The 2013-14 data shows that a sudden surge in applicants and visas granted happened from this FY.

It also shows that Australia was not ready to accept a sudden surge of people applying from Bhutan as it rejected a significant number of them.

From the FY 2005-06 till FY 2012-13 Bhutan’s visa acceptance rate was always higher than the total by a few percentage points. For example, in FY 2011-12 it was 94.7% for Bhutanese and 90% for all countries, in FY 2008-09 it was 96.4% for Bhutanese and 92.1% for all others.

However, given the large surge of applicants from FY 2013-14 onwards the visa acceptance rate of Bhutan up until FY 2020-21 was well under the acceptance rate for all countries combined though it climbed up slowly over time.

In FY 2014-15 it was 75.7% visa grant rate for Bhutanese and 92% visa grant rate for all countries; in FY 2015-16 it was 85.3% for Bhutanese and 90.7% for all countries; in FY 2016-17 it was 84.9% for Bhutanese and 91.5% for all countries; in FY 2017-18 it was 82.2% for Bhutanese and 90.5% for all countries; in FY 2018-19 it was 84.2% for Bhutanese and 89.9% for all countries and in FY 2019-20 it was 85.1% for Bhutanese and 91.4% for all countries.

Faced with a pandemic and labour shortages in FY 2020-21 it was 92.1% for Bhutanese and 94.4% for all countries and finally in FY 2021-22 Bhutanese got a higher acceptance rate than all others at 96.9% for Bhutanese and 91.5% for all others.

From 1st to 31st July 2022 which is the first month of the FY 2022-23 it was 98.4% for Bhutanese and 90.1% for others.

The sudden rise of applicants which happened in FY 2013-14 stabilized to similar numbers till FY 2015-16 which saw 1,178 visas being granted.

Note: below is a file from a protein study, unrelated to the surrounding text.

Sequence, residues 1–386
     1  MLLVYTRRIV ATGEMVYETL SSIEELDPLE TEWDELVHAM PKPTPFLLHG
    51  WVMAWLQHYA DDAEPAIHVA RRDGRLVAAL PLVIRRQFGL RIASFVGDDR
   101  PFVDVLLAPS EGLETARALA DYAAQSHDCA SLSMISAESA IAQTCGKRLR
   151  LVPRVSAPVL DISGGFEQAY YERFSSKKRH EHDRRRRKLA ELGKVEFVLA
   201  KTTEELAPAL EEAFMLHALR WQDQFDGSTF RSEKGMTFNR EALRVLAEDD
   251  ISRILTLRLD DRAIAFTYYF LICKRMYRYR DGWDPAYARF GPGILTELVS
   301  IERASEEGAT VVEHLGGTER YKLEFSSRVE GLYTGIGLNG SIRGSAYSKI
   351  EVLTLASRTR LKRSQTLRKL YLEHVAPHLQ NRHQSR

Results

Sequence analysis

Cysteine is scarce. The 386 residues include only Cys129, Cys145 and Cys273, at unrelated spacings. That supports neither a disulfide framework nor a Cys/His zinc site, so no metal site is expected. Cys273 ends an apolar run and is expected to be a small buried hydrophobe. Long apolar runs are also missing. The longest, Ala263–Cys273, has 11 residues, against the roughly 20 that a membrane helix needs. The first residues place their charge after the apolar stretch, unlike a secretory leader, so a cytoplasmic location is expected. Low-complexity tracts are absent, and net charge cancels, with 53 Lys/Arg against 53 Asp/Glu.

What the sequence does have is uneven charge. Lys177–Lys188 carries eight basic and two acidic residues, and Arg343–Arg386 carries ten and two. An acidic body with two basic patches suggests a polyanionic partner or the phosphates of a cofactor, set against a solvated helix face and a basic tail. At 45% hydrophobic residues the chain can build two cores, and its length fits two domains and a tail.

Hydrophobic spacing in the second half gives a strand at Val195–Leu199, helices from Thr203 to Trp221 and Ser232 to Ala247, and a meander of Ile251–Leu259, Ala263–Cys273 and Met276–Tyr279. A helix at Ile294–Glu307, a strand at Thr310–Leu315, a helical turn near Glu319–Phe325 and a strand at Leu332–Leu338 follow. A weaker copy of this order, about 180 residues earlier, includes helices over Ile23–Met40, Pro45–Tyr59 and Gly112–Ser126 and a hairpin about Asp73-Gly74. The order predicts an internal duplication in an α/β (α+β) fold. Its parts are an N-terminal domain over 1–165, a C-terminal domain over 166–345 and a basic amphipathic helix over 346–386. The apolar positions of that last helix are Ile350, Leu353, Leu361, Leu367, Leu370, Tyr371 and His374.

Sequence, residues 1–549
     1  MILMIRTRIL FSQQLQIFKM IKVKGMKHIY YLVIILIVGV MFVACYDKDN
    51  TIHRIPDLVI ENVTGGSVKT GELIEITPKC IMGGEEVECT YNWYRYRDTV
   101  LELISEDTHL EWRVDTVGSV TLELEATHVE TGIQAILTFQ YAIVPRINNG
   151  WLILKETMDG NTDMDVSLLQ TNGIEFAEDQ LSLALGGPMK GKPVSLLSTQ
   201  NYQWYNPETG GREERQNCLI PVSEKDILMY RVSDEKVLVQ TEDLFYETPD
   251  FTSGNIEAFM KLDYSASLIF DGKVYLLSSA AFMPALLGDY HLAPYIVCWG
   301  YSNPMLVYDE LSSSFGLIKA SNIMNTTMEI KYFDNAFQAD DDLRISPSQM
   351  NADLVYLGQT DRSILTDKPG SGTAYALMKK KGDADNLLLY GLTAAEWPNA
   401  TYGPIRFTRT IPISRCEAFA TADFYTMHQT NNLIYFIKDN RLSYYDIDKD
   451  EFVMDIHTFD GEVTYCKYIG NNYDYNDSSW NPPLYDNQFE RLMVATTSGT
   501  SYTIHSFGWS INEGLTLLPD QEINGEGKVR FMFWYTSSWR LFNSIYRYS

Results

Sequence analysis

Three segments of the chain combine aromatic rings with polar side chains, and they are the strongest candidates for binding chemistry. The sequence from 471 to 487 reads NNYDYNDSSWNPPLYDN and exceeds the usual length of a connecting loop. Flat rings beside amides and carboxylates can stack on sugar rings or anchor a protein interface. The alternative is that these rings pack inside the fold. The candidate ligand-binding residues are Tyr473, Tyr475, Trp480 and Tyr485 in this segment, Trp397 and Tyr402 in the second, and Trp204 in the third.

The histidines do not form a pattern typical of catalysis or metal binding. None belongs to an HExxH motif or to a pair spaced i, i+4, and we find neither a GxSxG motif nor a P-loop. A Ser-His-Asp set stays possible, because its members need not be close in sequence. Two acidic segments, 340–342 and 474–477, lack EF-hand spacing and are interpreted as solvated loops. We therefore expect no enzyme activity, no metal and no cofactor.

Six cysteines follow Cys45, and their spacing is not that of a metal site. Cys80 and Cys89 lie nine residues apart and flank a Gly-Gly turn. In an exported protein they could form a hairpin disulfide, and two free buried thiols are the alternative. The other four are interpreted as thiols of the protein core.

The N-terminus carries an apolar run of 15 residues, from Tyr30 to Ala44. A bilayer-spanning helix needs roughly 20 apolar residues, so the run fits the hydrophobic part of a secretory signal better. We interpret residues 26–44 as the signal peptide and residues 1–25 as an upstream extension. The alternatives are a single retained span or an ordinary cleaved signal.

However, the next big surge of Bhutanese applying for and getting visas started from FY 2016-17 onwards with 1,480 visas granted followed by 2,275 visas in FY 2017-18, 2,906 visas in FY 2018-19 and 2,933 visas in FY 2019-20 despite 2020 seeing the impact of the pandemic.

The pandemic led to a sharp drop of visas granted in FY 2020-21 at 1,828 visas mainly due to a sharp drop in the number of people applying at 2,046 compared to 3,328 people applying in FY 2019-20.

In FY 2021-22 there has been a sharp increase in people applying for visa at 3,686 people out of which 2,583 have been granted so far at an acceptance rate of 96.9% for those processed and more are under process for approval from this group. This means the visa granted could go up from 2,583.

The Bhutanese also accessed the ‘Overseas arrivals and Departures’ data for Bhutanese traveling to and coming back from Australia from FY 2007-08 to FY 2021-22.

The data shows that those who came on Long Term Visa Arrival normally given for studies were 14,997 in number and those who departed from this group were 6,471 so far. There are then the Short Term Visas given to those Bhutanese coming for a shorter period like meeting family etc and here there were 7,840 arrivals and 6,641 departures.

There are than other categories like Short Term Residents Arrival and Departure and Settlers Arrival and Departure but the figures are not very clear here.